In the Thirty-Three podcast, Corgan detailed how religion and LSD influenced the lyrics: "I Am One was my grappling with the idea that I've been told a bunch of stuff about religion, particularly in the Catholic church, that I knew in my heart wasn't true. That Jesus is a savior wasn't really saying the things they said he was saying, at least that was my interpretation. LSD in particular got me think beyond what I was told and realize, oh no, we're actually all connected. … [The song] isn't as much about me, as it is trying to figure who I was going to be."[9] He added that he was initially nervous that the lyric "I Am One" would come off as too egotistical. His actual intention was more of a 'rallying cry' that others can identify with.[9]

"I Am One" features a doubled guitar solo – a technique later used on Pumpkins songs like "Ava Adore", "Tarantula", and "Bring the Light".[4] Corgan has said this is his favorite part of the song.[9]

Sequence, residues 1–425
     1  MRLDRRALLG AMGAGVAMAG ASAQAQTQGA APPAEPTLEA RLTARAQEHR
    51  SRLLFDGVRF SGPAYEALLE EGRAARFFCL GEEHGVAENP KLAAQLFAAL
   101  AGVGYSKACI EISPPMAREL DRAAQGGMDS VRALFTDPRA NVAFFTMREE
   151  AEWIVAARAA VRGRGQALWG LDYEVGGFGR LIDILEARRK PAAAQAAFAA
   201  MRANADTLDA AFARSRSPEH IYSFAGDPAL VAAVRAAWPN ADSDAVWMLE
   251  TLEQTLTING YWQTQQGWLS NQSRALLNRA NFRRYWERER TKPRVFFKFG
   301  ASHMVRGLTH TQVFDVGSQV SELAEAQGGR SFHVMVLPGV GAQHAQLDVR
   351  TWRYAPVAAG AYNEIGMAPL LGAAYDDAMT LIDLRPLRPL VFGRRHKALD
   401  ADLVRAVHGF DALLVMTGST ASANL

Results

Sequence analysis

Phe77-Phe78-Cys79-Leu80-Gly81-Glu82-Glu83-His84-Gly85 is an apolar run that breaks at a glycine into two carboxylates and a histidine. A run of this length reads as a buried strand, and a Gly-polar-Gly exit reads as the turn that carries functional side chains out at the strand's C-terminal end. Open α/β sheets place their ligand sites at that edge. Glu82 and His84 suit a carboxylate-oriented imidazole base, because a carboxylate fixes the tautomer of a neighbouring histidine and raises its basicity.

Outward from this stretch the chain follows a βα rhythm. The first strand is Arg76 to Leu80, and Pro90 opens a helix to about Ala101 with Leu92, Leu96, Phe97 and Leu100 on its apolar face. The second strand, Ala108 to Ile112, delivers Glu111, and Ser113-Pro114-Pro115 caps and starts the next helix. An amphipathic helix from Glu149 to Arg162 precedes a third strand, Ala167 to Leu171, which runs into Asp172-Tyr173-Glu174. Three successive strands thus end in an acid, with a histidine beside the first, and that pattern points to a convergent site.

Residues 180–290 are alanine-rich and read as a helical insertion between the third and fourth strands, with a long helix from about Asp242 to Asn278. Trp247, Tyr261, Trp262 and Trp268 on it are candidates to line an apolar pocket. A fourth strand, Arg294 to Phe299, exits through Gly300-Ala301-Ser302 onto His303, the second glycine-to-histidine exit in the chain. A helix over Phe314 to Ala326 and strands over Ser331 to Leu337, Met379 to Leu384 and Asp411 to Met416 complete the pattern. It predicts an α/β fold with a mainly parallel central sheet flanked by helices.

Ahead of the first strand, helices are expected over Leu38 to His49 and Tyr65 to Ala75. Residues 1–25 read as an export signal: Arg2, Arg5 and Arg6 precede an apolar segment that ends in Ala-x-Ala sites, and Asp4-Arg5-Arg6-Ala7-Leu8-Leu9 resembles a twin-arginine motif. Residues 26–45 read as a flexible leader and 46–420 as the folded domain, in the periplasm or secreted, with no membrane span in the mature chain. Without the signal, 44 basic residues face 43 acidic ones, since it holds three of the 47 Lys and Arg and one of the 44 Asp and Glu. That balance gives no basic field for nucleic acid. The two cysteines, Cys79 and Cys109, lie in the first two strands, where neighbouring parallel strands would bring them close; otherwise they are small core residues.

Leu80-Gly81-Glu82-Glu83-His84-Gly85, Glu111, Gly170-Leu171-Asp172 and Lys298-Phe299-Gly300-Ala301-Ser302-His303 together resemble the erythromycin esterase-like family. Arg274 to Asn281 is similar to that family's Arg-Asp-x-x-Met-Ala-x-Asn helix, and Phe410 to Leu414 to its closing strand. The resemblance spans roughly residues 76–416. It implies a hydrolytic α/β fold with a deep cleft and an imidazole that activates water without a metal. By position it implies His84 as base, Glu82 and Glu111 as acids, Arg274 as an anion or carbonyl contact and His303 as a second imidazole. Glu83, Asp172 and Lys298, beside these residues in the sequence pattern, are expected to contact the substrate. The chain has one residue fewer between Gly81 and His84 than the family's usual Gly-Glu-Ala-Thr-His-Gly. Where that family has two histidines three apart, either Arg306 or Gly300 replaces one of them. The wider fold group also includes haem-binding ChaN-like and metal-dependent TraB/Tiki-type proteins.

When the band released their greatest hits compilation, Rotten Apples, in 2001, "I Am One" was one of the few singles that did not make the cut (the others were "Tristessa", "Rocket", "Thirty-Three", "The End Is the Beginning Is the End", and on American copies of the album, "Try, Try, Try").[10]

Live performances[edit | edit source]

In live performances (starting around the release of Siamese Dream) Corgan would often improvise a speech during the extended bass break; as a result the song could extend to 8–10 minutes in length. The speech section is known among fans as the "I Am One rant", but is just one of many instances that the band considers "art breakdown", likely coined by drummer Jimmy Chamberlin. These rants were criticized, sometimes even by the other band members, due to their abrasive nature.[6] The rants were apparently based around the erosion of the belief structure in America's youth, and Corgan has stated they were the gestation for many ideas he later explored on Mellon Collie and the Infinite Sadness.[11] Some of the rants contained lyrics for future songs, most notably "Zero". The recording of "I Am One" on Vieuphoria / Earphoria features one such rant. The longest live performance took place at Lollapalooza on August 3, 1994 at just under 11 minutes in length.

Music video[edit | edit source]